Now, erase the first version.  Put the paper aside and go to your computer or phone.  In some text field somewhere, type another message to yourself: maybe it’s different, though the possibilities for questioning seem exponentially increased if it’s the same as the message you originally wrote.  At any rate, make sure you do it at the very beginning of the text field.

Whatever you’ve chosen to type out, skip a few lines and do it again.  Don’t copy and paste, either; go through the motions again, pay attention to the fact that you’re doing what you’re doing.

Now, of course, erase the first version and all the spaces before the second.  There should only be one version of the statement on your screen, at the very beginning of the text field.

So, now, what’s on your screen?  Is it the ‘Second’ version of the message?  If so, why?  What, at this point, distinguishes what’s there now from what was there when you typed the message originally?  You can clearly see that the two versions of the message you wrote are still two versions, despite the fact that one was ‘erased’ (its space, its impression maintained).  And, if you typed the same message that you wrote, how many versions of that message exist now?  Is it some different number than once existed?  Does the difference matter?

Random Theory

Ce ne sont pas Mark Gruenwald

Mark Greunwald (1953-1996) was a writer and editor of numerous Marvel titles, including Captain America, What If?, and most relevantly here, a number of editions of The Official Handbook of the Marvel Universe.

Mark Greunwald is the [psychoanalytic figure of] The Father of the Marvel Universe.

Grueny: Keepin’ it firmly away from The Real since at least ’78.




The Trouble with Naming

What have we already named?  What do we not yet have a ‘proper name’ for?  In English, we tend to rely on ‘thing’ as a placeholder until we’ve come to consensus on a better term–or, at least, until various parties have submitted their respective names for the subject and one or a few have shaken out in regular discourse.

Here, then, maybe the start of that process.  What do/should we call those media products that are made to appear within a narrative?  Products that, at some level, are still made for us–the real-world audience–yet which don’t directly acknowledge any intended audience but that of the narrative in which they appear?  Should we be calling them full-fledged ‘media products’ in the first place, or does their contingency on the larger narrative somehow negate the fact that they were yet produced and can be independently viewed, at least sometimes?  For example, see the comic book that appears in the trailer for Logan, a page of which was released via Tumblr, as well as the newscast that serves as the trailer for Stranger Things‘ second season.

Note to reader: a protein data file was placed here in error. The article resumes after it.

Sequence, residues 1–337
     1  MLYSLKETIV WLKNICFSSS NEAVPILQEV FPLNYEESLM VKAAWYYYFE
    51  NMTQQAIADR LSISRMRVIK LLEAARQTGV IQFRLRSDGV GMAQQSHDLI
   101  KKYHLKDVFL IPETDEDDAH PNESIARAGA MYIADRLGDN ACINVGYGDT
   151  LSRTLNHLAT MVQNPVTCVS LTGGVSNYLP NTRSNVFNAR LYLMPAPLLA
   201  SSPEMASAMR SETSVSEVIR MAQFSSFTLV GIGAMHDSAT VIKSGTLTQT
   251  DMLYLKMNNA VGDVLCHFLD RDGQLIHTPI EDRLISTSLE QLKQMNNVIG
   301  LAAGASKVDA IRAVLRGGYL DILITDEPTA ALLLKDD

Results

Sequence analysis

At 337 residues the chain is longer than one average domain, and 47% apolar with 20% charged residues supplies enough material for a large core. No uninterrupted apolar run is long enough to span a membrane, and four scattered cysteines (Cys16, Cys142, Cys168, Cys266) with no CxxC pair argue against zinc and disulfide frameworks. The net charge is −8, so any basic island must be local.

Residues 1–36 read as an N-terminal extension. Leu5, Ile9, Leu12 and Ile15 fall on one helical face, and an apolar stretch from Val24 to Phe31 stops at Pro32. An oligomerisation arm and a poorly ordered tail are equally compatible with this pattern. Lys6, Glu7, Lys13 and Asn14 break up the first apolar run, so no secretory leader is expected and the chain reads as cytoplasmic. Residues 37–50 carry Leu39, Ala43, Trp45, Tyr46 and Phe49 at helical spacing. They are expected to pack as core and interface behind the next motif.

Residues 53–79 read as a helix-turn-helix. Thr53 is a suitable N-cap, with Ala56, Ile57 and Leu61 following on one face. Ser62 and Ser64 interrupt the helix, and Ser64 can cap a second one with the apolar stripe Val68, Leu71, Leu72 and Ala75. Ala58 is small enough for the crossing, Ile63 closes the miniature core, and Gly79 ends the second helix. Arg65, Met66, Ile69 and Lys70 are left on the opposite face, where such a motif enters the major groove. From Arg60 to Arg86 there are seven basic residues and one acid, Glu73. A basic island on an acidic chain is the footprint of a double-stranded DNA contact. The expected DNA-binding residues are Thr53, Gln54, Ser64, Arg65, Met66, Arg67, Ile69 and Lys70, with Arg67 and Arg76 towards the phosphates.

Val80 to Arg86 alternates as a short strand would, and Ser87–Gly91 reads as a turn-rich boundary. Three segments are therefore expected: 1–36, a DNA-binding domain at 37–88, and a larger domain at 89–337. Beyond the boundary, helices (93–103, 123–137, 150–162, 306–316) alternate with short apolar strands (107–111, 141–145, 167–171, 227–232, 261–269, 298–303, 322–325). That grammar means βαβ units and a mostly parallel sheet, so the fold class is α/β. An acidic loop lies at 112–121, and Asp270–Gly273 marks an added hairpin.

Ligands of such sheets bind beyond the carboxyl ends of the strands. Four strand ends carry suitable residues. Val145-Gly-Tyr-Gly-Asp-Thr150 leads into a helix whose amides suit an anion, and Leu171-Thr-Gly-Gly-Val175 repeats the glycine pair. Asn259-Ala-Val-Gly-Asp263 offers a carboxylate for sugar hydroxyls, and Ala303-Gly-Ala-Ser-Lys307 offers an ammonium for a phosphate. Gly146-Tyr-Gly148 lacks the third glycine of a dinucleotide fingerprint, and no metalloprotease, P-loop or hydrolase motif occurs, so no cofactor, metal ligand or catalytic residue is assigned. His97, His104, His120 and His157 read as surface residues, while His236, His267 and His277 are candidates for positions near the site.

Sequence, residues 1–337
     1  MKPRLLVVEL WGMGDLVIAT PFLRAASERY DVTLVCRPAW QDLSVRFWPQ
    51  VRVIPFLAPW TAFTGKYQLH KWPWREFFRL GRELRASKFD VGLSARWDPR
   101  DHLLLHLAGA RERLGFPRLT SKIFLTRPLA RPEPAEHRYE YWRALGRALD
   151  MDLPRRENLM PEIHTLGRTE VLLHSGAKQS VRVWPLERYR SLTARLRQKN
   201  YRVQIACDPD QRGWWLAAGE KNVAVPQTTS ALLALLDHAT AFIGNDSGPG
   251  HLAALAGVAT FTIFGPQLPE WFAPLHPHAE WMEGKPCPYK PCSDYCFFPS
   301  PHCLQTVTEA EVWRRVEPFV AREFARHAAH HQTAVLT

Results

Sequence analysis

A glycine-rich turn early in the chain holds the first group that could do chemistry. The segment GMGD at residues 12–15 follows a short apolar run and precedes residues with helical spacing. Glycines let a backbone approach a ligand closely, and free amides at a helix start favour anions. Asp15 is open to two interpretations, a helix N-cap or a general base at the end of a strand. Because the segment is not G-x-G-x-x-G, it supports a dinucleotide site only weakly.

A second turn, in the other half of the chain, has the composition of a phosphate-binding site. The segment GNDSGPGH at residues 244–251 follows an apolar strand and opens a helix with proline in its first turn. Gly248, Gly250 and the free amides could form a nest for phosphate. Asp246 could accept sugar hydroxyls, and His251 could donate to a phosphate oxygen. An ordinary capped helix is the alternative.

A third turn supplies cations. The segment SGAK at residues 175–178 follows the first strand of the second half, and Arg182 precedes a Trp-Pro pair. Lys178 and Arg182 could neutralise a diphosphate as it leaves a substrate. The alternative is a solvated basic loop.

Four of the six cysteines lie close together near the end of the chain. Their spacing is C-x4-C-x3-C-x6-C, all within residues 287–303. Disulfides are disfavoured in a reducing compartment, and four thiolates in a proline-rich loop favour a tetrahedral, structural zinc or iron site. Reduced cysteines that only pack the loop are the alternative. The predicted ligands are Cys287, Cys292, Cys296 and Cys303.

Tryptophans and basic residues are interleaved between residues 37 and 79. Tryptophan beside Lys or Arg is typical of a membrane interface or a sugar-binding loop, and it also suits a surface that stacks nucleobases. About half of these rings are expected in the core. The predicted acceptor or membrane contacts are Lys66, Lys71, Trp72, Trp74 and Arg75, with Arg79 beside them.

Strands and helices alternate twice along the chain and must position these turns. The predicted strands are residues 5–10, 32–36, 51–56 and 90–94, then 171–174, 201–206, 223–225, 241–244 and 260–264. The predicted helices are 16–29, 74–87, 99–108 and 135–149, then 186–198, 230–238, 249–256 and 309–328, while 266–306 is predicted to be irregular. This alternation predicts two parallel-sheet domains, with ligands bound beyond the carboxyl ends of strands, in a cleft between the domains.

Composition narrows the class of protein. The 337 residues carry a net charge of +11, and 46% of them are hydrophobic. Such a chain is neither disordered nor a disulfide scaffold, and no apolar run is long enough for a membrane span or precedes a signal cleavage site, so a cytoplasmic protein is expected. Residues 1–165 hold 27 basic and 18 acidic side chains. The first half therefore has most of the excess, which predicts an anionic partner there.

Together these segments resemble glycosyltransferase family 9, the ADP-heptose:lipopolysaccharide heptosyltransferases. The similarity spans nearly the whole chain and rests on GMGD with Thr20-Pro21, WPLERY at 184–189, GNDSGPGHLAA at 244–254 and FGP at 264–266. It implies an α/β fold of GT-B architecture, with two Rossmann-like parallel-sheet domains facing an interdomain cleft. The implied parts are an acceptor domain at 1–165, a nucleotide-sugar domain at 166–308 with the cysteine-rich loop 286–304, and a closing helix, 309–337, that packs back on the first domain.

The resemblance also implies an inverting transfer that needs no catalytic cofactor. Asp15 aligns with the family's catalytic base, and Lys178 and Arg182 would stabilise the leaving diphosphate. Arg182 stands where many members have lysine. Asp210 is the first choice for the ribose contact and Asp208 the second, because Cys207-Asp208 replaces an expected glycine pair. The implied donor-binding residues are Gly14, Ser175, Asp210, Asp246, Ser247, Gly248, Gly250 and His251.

Are these ‘inward facing’? ‘Narrative-bound’? ‘Viewer-blind’?  None seems entirely accurate for the unusual position of this type, though I’m not yet sure that the two examples cited above are even the same animal themselves.  Specifically, the end of the Stranger Things newscast, in which we see only an empty chair, might be the point at which that product specifically stops being for its own narrative realm and starts being only for us.

Suggestions for tagging this phenomenon would be welcome.


Random Theory

​ If we could, would we really want those we care about to care about the things we care about quite as much as we do, in the same ways we do? Because, if they did, couldn’t they become as much of an authority on those things as we are? And then, wouldn’t that change our relationships with them? Would we continue to be the sort of authority about that thing that we were, that we enjoyed being?